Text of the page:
Expert brings popular ‘mobile teaching kitchen’ to Del Mar Hills Academy
By Karen Billing
The Del Mar Hills art room was transformed into a mini kitchen for mini chefs recently as it was overtaken by a Cook for Thought children’s cooking class after school. Cook for Thought founder and director Fernanda Larson led an enthusiastic group of students through making their own pita bread from scratch, paired with hummus and grilled eggplant they prepared.
Larson, a Del Mar resident and Hills parent, started Cook for Thought to provide curriculum-integrated culinary experiences for “curious minds that are hungry for knowledge.”
Her group last week was very hungry.
“I couldn’t walk here my body was so excited, I had to run,” said a student named Dora.
Larson brings her “mobile teaching kitchen” to the Del Mar Union School District for five classes a week in addition to teaching at local preschools. In March, she will be hosting some classes open to the community at Whole Foods in Del Mar, one class will be on Brazilian Carnaval cooking and one a tribute to Dr. Seuss.
Larson was born and raised in Southern Brazil in a family of Italian descent, resulting in an eclectic culinary background. The family’s backbone was in the kitchen.
Some of her most treasured memories of her childhood surround preparing lunch, starting in the morning with a walk to the butcher and then to the produce stand and the grocer. She had a full sit down-lunch every day of the week.
“One of my favorite things to make is black beans in a pressure cooker,” said Larson. “The rhythmic sound of the steam escaping the valve instantly transports me back to my childhood.”
She has her bachelor’s and master’s degrees in nutrition, is a certified nutritionist and a member of the Academy of Nutrition and Dietetics, and recently was accepted as an ambassador for Jaime Oliver’s Food Revolution Foundation in Del Mar.
Before having her two children she worked mainly with adults, but since becoming a mom she saw the potential for combining food, cooking, academic and social learning to close the “nourishment gap.”
Larson believes cooking is a vital life skill and it has become her dream, mission and passion to pass it on.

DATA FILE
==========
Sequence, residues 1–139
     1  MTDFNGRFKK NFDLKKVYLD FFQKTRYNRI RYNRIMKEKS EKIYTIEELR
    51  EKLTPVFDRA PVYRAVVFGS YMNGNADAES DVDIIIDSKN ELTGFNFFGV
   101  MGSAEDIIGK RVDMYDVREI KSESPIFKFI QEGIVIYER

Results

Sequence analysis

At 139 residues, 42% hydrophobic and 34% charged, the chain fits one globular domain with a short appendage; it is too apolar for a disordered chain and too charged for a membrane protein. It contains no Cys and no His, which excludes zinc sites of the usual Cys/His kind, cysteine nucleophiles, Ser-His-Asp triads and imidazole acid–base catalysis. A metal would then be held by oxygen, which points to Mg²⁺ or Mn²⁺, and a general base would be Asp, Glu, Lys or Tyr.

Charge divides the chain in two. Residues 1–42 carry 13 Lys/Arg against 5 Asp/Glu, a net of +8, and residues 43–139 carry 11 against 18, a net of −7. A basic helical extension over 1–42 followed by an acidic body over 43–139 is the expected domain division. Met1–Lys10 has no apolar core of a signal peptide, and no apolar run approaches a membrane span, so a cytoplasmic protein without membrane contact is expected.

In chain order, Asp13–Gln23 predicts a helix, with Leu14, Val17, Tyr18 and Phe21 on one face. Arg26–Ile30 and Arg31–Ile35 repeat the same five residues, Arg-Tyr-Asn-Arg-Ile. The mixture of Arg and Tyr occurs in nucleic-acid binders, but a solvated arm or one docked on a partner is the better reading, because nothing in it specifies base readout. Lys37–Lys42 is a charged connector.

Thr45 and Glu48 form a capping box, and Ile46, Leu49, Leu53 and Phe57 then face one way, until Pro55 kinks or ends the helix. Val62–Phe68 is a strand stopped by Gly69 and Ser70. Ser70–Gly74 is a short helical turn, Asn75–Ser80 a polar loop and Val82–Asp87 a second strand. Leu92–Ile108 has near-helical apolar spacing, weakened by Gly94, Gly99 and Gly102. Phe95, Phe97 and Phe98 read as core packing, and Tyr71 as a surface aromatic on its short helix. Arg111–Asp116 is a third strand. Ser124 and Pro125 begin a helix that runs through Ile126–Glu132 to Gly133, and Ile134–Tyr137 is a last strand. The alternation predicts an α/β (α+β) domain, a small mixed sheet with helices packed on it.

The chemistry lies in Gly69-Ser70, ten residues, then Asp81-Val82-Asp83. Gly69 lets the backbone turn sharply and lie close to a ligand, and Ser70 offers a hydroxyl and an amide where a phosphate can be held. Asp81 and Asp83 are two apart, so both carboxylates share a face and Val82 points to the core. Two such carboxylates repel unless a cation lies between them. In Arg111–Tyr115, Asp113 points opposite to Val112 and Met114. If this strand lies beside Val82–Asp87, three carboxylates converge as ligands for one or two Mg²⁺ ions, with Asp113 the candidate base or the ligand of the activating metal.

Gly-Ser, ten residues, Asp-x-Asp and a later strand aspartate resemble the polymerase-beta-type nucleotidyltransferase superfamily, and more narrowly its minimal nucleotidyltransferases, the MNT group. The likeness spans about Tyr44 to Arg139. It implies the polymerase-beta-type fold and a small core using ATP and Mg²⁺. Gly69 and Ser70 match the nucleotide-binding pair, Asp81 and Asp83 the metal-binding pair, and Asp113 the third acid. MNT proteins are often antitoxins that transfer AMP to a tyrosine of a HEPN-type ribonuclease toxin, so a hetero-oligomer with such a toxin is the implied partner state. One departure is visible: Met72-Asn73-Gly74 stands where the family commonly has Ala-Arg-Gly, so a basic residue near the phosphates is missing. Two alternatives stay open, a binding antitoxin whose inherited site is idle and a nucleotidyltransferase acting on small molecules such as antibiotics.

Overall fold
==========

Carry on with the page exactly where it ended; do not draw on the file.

“To see how able they are, that’s something that’s so overlooked when working with kids,” Larson said. “They’re so capable and willing to try new things. They’re able to incorporate any technique that I teach them. And they remember and teach each other,”
As her Cook for Thought classes pair education with cooking, children have made roasted quail when studying Native American traditions, a “Hangtown fry” when studying the Gold Run, and tomato sauce caviar when they learned about futuristic molecular gastronomy.
While studying American cuisine, kids have whipped up Philly cheese steaks, gumbo, New England clam chowder and cedar planked salmon.
Her current session at Del Mar Hills is about cooking through the world’s history, from Egypt to Morocco to France. The last class will incorporate the French Revolution and students will celebrate by having a French crepe party with their parents.
Last week the kids learned abut one of the oldest populations of the world, the Mesopotamians who, Larson said, were very famous for setting the technique for making one of the most delicious foods eaten today: bread.
Larson talked about how they used to grind the grains and discovered how to use yeast.
“I think it’s made of dirt,” one child guessed about the origins of yeast before Larson explained it’s actually from the fungi kingdom and has the power to “transform flour into something yummy.”
Two young cooks “proofed” the yeast, waking it up with sugar. Larson explained that the sugar makes the yeast come alive and bubble and know it’s time to do its job to raise the bread.
The children rolled out their dough and flattened them into circles to grill. Using kid-safe knives they used the proper technique to slice eggplants and coat them in olive oil and carefully measured spoonfuls of spices to grill up as well.
Larson mans the stovetop and the grill in her classes for safety reasons.
The kids also grinded their own fragrant cumin, broke up a clove of garlic with a “ninja karate chop” and combined the ingredients with mashed-up garbanzo beans for the hummus.
“Hummus is one of my favorite meals,” said student Peter, inspecting the consistency of their hummus. Some insisted the dip needed more spice but as not all palates are the same, Larson settled for an extra sprinkling of salt.
The students remembered the shape and size of their pitas as they came off the grill and sat down to sample their cooking. Even the eggplant-wary students tried at least a bite of the vegetable and many came back for second helpings of their hummus.
“The biggest reward really is in each and every student that shares their cooking stories, that are excited about making and trying new foods and they write me the most amazing thank you notes,” Larson said. “It’s the feeling of making a positive impact by teaching kids a vital life skill.”
Cook for Thought classes can also be part of fundraisers or team building, birthday parties, Girl Scout “cook” badges, food writing or speaking, and custom-tailored projects. For more information, call (858) 242-2341 or visit cookforthought.com.
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